The nurture framework: an approach for supporting health professionals during the COVID-19 pandemic and beyond

The Nurture framework, developed from the respondents’ reported experiences, presents recommendations for practice to better support the health workforce, which are built on trust, transparency, safety and respect. While many district health boards have organisational values, these themes have been provided by healthcare workers themselves. When healthcare workers cited positive experiences, trust and safety were perceived as present, with a sense of inclusion in the process of stock allocation with managers and communication. When trust was low, with concerns over poor communication, and lack of transparency in decision-making, this resulted in a perceived lack of respect, distress among respondents and sense of unsafety.


Our study reports challenging and fraught experiences of healthcare workers in the face of limited PPE access during the pandemic. Their experiences suggest a widespread sense of disrespect and gaslighting that threatened healthcare worker safety at a critical time and suggest that the way PPE was managed was suboptimal on the part of some organisations. Our qualitative findings provide greater context for healthcare workers’ experiences with PPE during the pandemic, with presence or lack thereof of four key values (transparency, trust, safety and respect) underpinning their experiences. The open-text comments throughout the survey demonstrated the dilemmas healthcare workers faced as they grappled with risk and decision-making in the context of threatened PPE supply in the pandemic20 21 and corroborate the concerns around PPE mismanagement by organisations and government from the OAG report.8

For many healthcare workers, it appears that communication relating to PPE and its supply represented ‘the canary in the coalmine’ for wider healthcare system challenges. These difficulties surrounding PPE supply and access have occurred against the backdrop of calls for healthcare reform, among a workforce already under stress, burnt out, under-resourced and facing increasing workplace demands.14 As a result, the strain and complexity of urgently managing PPE logistics and supply at the commencement were unsurprising. Many of the reported findings relate to wider health systems issues identified in the Health and Disability System Review and the need to support the workforce to keep New Zealanders well.14 Reports of bullying and toxic workplace culture have been highlighted within district health boards across NZ prior to the pandemic, and respondents reflected that some of these issues have not been resolved despite some regional health boards working towards addressing them with antibullying programmes.22–25 These challenges appear to have been both illuminated and exacerbated by the pandemic and its associated PPE access and supply issues; the ‘Nurture’ framework provides several recommendations for change, such as a commitment towards appropriate occupational health and safety standards for all healthcare workers, and inclusion of healthcare workers in decision-making processes with clinical representation at organisational governance level.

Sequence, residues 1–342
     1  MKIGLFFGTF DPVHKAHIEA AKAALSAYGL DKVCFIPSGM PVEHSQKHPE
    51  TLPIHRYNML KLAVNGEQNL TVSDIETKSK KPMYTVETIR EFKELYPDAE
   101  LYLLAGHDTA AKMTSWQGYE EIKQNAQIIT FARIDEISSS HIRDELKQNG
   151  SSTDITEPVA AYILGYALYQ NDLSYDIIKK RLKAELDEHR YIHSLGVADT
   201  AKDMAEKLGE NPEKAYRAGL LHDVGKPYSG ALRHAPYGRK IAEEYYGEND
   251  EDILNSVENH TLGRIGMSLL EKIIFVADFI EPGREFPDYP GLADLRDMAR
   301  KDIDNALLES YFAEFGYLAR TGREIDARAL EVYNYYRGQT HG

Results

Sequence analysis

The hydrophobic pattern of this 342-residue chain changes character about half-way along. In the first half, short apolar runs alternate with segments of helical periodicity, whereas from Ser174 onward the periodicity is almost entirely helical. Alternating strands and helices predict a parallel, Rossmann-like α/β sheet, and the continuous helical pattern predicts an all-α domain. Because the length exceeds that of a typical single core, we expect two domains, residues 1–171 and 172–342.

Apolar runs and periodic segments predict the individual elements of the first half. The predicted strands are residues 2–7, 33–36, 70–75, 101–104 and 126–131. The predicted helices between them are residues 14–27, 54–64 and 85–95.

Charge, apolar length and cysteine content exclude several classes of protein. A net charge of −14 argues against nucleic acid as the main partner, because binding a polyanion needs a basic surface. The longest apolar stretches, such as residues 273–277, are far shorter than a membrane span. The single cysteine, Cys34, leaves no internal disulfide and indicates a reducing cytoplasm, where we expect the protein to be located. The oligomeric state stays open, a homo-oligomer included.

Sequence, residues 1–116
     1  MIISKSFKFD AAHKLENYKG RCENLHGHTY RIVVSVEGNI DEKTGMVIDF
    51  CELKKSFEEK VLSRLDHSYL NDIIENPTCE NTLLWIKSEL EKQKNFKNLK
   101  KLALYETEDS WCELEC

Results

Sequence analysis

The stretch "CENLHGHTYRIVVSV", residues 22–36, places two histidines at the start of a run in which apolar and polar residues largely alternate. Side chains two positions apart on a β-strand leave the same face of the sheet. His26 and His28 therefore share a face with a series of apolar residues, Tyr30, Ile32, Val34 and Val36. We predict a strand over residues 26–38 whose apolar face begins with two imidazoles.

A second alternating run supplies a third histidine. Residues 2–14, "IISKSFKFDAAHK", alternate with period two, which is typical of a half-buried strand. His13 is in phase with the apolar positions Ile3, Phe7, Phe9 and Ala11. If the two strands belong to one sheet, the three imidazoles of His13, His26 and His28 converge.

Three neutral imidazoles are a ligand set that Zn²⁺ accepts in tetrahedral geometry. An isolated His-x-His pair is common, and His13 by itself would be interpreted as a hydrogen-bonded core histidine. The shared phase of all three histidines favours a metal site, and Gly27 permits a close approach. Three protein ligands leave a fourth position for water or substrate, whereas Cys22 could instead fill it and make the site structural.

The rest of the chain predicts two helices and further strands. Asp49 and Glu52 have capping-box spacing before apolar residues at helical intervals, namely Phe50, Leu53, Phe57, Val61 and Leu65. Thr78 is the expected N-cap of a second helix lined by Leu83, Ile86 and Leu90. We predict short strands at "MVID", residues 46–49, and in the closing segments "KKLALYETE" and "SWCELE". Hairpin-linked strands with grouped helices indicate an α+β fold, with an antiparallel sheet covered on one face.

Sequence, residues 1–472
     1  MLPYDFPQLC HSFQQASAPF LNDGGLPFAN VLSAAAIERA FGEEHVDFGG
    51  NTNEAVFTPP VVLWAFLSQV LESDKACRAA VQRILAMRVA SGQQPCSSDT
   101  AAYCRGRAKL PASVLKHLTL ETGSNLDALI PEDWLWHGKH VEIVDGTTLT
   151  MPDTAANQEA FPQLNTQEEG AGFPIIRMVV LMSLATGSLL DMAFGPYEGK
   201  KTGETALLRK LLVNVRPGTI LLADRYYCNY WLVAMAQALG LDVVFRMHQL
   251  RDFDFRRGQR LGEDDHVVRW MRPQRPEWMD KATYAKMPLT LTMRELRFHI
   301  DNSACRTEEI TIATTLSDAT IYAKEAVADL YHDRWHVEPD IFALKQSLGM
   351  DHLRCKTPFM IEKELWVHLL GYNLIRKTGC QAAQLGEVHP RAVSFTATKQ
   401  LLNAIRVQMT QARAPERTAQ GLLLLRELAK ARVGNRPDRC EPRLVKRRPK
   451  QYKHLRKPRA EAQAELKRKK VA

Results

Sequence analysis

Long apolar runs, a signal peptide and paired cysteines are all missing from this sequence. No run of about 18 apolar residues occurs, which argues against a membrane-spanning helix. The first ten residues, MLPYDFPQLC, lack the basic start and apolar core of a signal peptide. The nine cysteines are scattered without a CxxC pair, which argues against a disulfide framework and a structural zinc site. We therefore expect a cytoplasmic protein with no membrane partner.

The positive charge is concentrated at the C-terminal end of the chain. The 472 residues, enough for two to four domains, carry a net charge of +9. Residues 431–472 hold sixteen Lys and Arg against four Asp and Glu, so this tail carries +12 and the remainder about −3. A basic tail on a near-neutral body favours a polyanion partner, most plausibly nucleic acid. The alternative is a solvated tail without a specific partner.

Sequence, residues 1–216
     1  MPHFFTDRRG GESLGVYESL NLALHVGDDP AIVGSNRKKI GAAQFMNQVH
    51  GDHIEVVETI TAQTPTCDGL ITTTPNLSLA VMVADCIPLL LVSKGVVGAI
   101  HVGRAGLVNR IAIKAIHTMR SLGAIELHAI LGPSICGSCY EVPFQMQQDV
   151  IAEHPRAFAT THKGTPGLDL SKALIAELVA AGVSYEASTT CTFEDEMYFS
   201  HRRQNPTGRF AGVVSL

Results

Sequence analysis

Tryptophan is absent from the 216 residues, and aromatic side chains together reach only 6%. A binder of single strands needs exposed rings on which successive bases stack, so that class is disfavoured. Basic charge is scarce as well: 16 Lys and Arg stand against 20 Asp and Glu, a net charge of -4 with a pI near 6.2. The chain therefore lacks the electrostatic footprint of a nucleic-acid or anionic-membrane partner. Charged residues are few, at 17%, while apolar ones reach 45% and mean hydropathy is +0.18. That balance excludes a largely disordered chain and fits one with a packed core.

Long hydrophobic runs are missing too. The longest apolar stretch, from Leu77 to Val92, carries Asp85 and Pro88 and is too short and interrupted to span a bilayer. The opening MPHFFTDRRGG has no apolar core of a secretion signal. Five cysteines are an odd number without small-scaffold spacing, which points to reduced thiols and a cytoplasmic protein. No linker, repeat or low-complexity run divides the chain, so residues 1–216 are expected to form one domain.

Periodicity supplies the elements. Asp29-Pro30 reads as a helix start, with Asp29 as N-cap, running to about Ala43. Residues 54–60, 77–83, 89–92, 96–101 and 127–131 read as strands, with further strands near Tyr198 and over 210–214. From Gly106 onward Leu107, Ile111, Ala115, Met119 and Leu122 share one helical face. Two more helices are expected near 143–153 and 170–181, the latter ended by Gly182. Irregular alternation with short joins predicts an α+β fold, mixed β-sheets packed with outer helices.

Our study highlights widespread concerns regarding PPE supply, also reported by healthcare workers elsewhere. A recent study of PPE experiences in the UK identified concern among healthcare workers when official guidance appeared to downgrade the level of PPE required in certain areas,12 especially as this appeared to be governed by supply issues rather than level of risk. In NZ, the OAG report noted that there was public confusion about ‘who should have access to PPE and in what circumstances’ and concern from healthcare workers that current guidelines were insufficient for preventing transmission among them.8 Our survey supports this finding and demonstrates there was concern from some respondents for whom certain types of PPE were deemed unnecessary, and further in-depth exploration of the differences in experiences between primary and secondary care may be warranted. Additionally, it was clear that the vagaries as to which professions and areas of care are supplied from central MOH and/or regional DHB stocks, coupled with the perceived disparities between different professions, added to distress levels. The Ministry of Health has updated its communications regarding this to improve clarity.26

Our survey shows that debates around who ‘requires’ PPE can easily become who ‘deserves’ PPE, which does not foster goodwill among healthcare workers and different professional groups within health. This reflects what has been found in the UK among healthcare workers outside of secondary care settings who felt inadequately protected.12 For many respondents, it appeared that PPE access—and subsequently, perceived safety—had become a symbol of the value and worth placed on healthcare workers by their employers and wider society. Previous research has demonstrated that a lack of perceived safety can increase the risk of depression, anxiety and post-traumatic stress disorder27; furthermore, access to PPE and training can mitigate these adverse psychological outcomes.28 Pandemic circumstances require the availability and willingness of healthcare workers to continue in their work, but this relies on the provision of and training in PPE use to minimise exposure risk.4 It is therefore vital that healthcare workers are supported and nurtured in their roles to be able to deliver care safely. In terms of wider restructure, it is important to acknowledge that no amount of health systems reform will be successful in supporting healthcare workers unless workplace culture is improved. It is proposed that application of the Nurture Framework we present will assist managers in prioritising health professionals’ welfare and well-being as health system reform evolves, enabling a supportive partnership between managers and clinicians.